JUNEAU — Senate President Charlie Huggins says that the Senate will not rush its deliberations on a proposal to scrap the Knik Arm Bridge and Toll Authority.
Huggins, a supporter of the bridge project, said he expected the Senate to take some more time to look at the issue and not try to pass a bill this session.
“My experience in life is, good ideas at the last minute, no matter how well intended, no matter how good the idea, an amendment creates confusion, sometimes chaos,” he said Friday. “Sometimes you have to sort that out.”
The current legislative session is scheduled to end Sunday, meaning it’s unlikely that the bill will be passed despite a grueling push this week from the House to pass the bill out.
HB23, from Rep. Mark Neuman, was overhauled by the House Rules Committee after a scathing audit surrounding toll and revenue projections by the Knik Arm Bridge and Toll Authority, or KABATA.
The measure was introduced in the Senate Finance Committee on Friday afternoon after the House passed the amended bill 24-15 very early Friday morning.
The measure replaces the toll authority with the Knik Crossing Development Corp., a subsidiary of the Alaska Housing Finance Corp., or AHFC.
The bridge would be built over Knik Arm and connect Anchorage to land near Point MacKenzie in the Matanuska-Susitna Borough.
AHFC’s board of directors would serve as the board for the Knik Crossing group, though the toll authority’s current board would act in an advisory position for one year.
Last week, a legislative audit was released that said that KABATA’s toll and revenue projections are “unreasonably optimistic, and the projected cash flows to the State are likely overstated as a result.”
The audit’s findings, although contested by KABATA, shook the already uneasy confidence in the project among many observers.
“The KABATA team is a very good team,” Rep. Craig Johnson, the chair of the House Rules Committee, said before the floor vote. “With this bill we’ve brought our best team.”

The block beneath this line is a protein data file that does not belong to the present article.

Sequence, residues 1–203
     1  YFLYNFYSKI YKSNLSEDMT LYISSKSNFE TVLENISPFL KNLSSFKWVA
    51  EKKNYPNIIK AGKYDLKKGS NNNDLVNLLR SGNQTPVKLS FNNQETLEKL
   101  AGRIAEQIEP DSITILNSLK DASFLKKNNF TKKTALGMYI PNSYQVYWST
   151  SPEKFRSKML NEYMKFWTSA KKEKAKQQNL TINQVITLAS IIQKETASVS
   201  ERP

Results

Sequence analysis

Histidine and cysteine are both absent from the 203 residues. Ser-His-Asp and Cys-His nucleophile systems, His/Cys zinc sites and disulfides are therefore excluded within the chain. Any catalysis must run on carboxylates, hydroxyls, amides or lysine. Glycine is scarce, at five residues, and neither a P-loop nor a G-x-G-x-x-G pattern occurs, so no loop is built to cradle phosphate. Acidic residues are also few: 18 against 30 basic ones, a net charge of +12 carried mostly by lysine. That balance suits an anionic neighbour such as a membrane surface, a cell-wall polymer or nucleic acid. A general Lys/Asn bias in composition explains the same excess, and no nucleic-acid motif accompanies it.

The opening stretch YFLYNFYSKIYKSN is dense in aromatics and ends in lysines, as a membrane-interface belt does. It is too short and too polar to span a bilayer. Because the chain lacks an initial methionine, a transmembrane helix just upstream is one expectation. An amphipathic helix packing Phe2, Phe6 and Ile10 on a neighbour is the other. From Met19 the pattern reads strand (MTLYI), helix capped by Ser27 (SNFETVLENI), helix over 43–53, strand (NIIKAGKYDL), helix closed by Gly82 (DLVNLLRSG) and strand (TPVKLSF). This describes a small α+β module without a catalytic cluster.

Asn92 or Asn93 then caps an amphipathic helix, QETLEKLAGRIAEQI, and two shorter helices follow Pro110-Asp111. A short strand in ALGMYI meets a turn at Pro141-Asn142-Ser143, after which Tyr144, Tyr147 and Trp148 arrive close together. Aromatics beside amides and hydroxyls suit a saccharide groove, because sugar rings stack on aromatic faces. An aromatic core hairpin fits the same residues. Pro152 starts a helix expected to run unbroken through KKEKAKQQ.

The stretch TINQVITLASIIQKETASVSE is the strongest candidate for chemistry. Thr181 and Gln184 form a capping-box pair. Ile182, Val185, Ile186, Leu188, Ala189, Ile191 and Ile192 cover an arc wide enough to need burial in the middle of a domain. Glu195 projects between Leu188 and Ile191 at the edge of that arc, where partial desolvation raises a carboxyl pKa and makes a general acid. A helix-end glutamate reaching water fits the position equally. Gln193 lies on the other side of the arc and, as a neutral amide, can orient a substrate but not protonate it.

However, some are concerned that moving the project to AHFC will result in a delay and threaten the likelihood of getting funding from the federal government.
KABATA has already started the application for a loan under the Transportation Infrastructure Finance and Innovation Act, and AHFC may have to restart the process if the project is transferred to them.
“I can’t assure that there won’t be delays,” Dan Fauske, CEO of AHFC, told the House Rules Committee on Thursday. “If AHFC is supposed to accept all contracts and obligations ever of another entity without having time to review them, than I would have to gracefully decline that offer, only because it’s just impractical and improper for me to do such a thing.”
KABATA’s initial goal was to build the bridge through a public-private partnership.
The bill sets up a $1.14 billion capital reserve fund, which would be used to pay a developer if revenues from tolls fell short or there was some other unforeseen problem that affected the bridge’s finances.
A handful of lawmakers expressed concern — especially after seeing the audit’s findings — that HB23 could put the state on the hook for over a billion dollars for a bridge owned and operated by a private company.
The Senate panel began deliberating on the bill Friday afternoon in order to let KABATA officials respond to the audit.
They said that it is inaccurate because the economic model used by auditors is based on an assumption that says there will be no change to the traditional population, economic and job growth rates in the lower Mat-Su borough as a result of the bridge opening.